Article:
Brief Musing in the Adjuncts "Suite"

So I'm sitting at the computer going through my bazillion emails, and I happen to look at the bookcase. The first thing that catches my eye is the copy of Whitley Strieber's Communion on the shelf next to the Elements of Style and the MLA. The "library", such as it is, is supposed to be composed of books that we would actually use to teach. Is there a course about Alien Narrative that I don't know about? And if so, can I teach it? I would require District 9, ET, and Alien plus select episodes of Star Trek (the original and Next Generation) and the X-Files.

Then I notice the MLA. They only have the 4th edition even though the MLA not only put out the 7th edition over the summer, but all the English profs were informed we were to be well versed on the new edition when we returned in the Fall. Well, I would love to be, but it would help if you had a copy here for immediate reference in case I don't want to schlep it in every day what with all my other books and papers.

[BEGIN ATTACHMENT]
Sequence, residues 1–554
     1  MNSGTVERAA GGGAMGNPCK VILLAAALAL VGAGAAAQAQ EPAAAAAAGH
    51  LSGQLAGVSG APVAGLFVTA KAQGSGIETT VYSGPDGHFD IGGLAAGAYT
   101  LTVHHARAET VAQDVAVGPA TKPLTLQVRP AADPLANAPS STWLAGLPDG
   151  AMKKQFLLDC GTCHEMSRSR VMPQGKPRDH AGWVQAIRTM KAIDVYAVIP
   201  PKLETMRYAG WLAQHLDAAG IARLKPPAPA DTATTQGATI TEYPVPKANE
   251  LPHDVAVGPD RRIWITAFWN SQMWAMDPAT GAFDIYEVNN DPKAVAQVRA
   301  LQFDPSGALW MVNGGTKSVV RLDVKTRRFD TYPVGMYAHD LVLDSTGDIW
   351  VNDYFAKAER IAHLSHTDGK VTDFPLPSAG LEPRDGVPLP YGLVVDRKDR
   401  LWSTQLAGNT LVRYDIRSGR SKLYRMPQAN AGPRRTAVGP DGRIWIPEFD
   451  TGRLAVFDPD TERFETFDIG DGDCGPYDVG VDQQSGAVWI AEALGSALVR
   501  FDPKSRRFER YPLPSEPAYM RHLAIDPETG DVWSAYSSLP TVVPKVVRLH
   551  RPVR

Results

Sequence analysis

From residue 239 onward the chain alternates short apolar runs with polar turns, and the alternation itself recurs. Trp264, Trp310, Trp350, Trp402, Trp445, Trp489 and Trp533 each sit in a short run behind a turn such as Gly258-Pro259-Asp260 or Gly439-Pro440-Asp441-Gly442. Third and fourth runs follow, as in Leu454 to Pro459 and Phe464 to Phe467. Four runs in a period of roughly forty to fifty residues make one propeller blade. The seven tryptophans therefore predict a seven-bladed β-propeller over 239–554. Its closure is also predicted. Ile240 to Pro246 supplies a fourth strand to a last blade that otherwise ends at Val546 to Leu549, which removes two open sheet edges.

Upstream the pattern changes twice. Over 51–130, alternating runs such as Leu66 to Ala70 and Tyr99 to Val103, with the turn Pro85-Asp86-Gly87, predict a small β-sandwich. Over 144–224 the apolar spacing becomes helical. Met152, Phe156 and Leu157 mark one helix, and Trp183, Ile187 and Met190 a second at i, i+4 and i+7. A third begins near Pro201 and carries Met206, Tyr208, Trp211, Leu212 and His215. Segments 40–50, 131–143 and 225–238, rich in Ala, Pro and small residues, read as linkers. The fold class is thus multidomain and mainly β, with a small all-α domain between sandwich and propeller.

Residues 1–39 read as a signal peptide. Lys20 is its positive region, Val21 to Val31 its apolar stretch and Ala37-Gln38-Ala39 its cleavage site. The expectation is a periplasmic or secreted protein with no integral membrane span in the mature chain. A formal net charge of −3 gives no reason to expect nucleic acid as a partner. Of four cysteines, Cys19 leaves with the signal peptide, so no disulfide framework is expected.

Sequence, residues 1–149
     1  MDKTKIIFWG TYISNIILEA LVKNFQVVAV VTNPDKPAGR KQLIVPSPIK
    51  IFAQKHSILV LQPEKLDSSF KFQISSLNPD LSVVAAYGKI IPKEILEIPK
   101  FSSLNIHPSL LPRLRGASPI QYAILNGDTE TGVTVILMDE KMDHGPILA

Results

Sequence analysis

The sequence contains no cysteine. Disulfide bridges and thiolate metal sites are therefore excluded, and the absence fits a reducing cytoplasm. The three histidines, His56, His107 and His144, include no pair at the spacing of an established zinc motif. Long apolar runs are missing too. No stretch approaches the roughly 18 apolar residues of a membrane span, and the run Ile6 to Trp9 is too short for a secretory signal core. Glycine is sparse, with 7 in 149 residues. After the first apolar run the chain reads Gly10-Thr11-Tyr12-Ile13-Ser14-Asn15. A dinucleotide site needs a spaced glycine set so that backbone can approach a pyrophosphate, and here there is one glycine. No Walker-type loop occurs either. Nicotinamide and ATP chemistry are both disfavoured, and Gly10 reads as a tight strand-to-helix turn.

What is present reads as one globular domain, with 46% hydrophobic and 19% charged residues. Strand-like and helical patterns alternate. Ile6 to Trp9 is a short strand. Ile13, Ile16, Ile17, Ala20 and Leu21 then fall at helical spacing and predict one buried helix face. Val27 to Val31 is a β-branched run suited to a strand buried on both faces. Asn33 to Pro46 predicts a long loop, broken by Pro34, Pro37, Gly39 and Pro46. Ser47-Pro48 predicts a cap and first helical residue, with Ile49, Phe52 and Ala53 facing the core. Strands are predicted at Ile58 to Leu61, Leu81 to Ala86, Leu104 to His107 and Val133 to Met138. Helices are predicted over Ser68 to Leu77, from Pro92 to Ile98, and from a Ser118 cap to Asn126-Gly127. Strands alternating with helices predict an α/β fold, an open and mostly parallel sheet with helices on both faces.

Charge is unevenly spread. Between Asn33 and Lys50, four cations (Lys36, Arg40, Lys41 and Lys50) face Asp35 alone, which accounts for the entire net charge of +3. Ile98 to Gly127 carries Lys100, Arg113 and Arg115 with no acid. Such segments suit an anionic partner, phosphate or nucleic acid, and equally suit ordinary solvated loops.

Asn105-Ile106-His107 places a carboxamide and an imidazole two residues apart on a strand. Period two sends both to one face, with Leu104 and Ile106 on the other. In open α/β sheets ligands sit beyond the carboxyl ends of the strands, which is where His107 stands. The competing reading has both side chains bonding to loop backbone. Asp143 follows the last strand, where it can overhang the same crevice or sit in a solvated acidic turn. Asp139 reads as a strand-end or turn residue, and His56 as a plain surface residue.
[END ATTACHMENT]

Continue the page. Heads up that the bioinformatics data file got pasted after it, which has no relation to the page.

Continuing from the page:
But this goes to my overall wonder about what has made it onto this shelf and what hasn't. Communion is there, but the latest MLA guide isn't? I'm guessing these books were just donated by profs, which means that reference books would only be donated AFTER they were no longer of use (hence the hopelessly out of date MLA). But what does this communicate to your staff? You require knowledge of a book but don't offer even minimal support to help them achieve it?

(shakes head)

But it's too lovely a day to sit here and ponder the eclectic and unfortunate nature of the "library" so I'll head out into the sun where hopefully I will not be abducted by aliens (which make me have to revisit the whole "How relevant is Communion" issue).

Incidentally when I went to the local Barnes and Noble, THEY didn't have a copy of the latest edition although there were Chicago Style Manuals lying about.

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